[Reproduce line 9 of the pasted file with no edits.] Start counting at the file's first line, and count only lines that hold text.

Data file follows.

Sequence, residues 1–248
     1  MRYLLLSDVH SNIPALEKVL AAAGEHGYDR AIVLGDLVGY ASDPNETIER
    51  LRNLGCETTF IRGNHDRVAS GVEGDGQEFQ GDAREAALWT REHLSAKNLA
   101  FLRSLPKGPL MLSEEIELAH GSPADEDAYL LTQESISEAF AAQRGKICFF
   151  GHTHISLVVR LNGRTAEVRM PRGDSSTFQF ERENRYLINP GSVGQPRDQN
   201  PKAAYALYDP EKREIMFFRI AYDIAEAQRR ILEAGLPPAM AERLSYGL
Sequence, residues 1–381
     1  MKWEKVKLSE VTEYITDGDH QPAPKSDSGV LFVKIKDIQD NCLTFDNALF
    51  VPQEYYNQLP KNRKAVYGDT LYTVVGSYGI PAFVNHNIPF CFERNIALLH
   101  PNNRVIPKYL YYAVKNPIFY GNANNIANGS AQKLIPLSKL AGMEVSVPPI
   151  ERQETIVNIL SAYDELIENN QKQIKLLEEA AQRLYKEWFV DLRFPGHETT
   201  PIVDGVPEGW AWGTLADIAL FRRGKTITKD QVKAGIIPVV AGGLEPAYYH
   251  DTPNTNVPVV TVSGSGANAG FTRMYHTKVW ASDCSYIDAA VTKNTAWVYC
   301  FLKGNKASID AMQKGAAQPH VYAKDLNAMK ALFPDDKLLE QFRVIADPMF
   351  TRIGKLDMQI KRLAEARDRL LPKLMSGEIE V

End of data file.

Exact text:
    51  VPQEYYNQLP KNRKAVYGDT LYTVVGSYGI PAFVNHNIPF CFERNIALLH